Hardy agaves and yuccas add spikiness and structure. There are even cactus that live through our winters if you provide good drainage, including the cartoon-shaped prickly pear (Opuntia cycloides).I always like to see garden sections pointing out some of the succulent options for our area, but why be so limiting. There's so much more that's possible than yuccas and agaves and "prickly pear." And what's O. cycloides? I guess it's a variety of O. engelmannii. Though that name doesn't appear in Anderson's The Cactus Family, it does appear in a few limited on-line sites, but primarily as a variety. There are whole bunches of Opuntias which are hardy here. In our own neighborhood, I know of at least 8 different opuntias growing at people's homes (though I have no clue if any of them are O. cycloides).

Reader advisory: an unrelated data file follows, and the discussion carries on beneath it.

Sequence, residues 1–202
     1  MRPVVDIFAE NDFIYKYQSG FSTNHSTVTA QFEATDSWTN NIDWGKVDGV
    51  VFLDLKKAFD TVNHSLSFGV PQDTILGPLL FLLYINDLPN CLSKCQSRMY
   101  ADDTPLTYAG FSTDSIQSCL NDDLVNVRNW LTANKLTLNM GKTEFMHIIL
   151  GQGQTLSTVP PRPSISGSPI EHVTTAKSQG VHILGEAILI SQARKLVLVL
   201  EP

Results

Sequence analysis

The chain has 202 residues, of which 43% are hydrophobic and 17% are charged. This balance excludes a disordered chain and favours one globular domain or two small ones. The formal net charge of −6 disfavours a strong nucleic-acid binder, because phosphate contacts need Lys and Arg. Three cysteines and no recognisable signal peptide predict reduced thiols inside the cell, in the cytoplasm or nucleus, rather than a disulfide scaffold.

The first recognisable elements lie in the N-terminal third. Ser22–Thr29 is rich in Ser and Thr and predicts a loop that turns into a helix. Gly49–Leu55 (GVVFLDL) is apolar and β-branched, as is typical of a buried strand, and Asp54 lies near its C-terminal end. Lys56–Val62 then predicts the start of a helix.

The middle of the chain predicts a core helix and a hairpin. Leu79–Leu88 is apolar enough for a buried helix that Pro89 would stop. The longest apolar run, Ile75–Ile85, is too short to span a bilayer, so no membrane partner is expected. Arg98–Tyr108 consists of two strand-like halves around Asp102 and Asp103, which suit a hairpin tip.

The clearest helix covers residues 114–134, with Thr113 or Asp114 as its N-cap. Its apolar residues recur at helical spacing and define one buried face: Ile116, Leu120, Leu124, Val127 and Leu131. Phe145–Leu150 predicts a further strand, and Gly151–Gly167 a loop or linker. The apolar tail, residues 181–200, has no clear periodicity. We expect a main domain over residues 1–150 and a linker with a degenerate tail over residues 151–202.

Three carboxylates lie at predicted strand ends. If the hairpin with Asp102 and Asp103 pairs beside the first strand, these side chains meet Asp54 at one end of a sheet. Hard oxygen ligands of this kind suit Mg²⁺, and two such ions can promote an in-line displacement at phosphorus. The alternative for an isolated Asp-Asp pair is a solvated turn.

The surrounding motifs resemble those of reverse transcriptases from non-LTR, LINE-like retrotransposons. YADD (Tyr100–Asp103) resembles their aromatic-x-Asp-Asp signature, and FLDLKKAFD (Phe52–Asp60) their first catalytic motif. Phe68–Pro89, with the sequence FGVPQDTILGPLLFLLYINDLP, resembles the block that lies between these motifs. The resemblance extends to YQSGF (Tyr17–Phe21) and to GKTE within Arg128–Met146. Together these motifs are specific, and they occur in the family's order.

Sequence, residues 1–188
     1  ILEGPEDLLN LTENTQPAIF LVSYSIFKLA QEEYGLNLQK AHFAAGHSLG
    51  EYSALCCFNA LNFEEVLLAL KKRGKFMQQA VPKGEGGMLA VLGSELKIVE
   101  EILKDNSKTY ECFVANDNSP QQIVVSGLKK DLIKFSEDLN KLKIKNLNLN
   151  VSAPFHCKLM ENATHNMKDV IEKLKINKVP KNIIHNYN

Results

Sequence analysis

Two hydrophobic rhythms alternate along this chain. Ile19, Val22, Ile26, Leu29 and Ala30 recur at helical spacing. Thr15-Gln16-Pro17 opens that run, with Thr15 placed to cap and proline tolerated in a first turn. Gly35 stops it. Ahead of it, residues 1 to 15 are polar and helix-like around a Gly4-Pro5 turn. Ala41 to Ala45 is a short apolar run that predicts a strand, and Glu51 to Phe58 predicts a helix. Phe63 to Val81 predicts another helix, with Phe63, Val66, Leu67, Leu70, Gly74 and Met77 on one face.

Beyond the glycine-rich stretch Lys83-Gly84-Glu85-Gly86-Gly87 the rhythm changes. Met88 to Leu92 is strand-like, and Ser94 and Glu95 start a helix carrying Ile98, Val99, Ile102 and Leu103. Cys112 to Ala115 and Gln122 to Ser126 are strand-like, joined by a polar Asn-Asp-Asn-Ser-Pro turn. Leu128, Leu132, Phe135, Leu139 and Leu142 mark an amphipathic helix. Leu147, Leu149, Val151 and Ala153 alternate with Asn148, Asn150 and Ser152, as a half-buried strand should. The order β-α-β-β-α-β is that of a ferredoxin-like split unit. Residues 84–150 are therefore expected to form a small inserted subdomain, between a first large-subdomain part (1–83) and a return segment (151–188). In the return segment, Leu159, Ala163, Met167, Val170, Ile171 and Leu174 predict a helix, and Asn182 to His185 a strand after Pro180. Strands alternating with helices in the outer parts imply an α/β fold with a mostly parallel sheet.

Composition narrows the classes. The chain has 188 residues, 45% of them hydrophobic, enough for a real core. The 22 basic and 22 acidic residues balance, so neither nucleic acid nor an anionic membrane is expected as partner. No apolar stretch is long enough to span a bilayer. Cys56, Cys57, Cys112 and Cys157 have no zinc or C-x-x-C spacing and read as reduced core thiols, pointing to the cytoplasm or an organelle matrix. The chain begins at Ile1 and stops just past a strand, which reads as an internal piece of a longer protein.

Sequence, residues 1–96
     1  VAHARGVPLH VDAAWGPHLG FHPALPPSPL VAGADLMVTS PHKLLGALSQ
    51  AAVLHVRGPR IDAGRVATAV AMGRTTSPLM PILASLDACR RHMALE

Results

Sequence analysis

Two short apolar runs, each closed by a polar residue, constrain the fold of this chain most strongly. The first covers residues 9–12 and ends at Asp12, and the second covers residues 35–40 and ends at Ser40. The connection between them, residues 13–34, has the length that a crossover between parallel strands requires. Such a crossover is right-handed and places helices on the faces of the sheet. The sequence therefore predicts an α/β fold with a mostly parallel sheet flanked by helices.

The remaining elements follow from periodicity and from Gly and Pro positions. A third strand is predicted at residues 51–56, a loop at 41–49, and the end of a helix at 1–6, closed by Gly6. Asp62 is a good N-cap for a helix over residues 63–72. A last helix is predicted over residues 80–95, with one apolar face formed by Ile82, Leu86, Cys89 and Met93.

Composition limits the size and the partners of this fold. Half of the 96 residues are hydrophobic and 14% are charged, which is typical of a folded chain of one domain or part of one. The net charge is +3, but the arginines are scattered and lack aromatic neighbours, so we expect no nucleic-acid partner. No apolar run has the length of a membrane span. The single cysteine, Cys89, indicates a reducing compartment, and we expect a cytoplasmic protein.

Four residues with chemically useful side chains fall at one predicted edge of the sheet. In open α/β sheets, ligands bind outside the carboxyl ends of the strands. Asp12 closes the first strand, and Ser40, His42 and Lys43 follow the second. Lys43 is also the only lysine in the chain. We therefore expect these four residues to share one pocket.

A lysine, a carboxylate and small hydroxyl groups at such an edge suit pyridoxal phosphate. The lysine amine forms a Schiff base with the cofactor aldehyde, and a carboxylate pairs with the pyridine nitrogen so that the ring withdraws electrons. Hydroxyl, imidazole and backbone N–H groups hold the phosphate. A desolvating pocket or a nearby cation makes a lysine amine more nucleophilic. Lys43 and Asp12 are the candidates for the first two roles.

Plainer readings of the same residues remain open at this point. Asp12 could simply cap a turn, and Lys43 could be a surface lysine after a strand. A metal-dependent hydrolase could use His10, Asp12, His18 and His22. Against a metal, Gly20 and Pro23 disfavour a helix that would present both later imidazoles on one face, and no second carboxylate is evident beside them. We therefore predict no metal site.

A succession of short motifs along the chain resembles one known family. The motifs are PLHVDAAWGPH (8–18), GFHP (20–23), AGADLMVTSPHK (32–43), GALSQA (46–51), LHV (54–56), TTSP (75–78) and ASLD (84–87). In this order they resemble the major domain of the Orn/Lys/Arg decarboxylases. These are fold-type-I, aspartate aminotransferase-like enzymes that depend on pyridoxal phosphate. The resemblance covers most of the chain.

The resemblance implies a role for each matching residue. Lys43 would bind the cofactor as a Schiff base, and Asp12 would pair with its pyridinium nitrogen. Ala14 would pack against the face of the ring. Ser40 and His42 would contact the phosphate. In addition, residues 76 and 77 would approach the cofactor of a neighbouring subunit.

Thursday, January 17, 2008
Bringing Lotusland weirdness to Northwest Gardens
From the Seattle Times Home and Garden Section comes this observation about bringing a lush, "weird", succulent look to Northwest Gardens: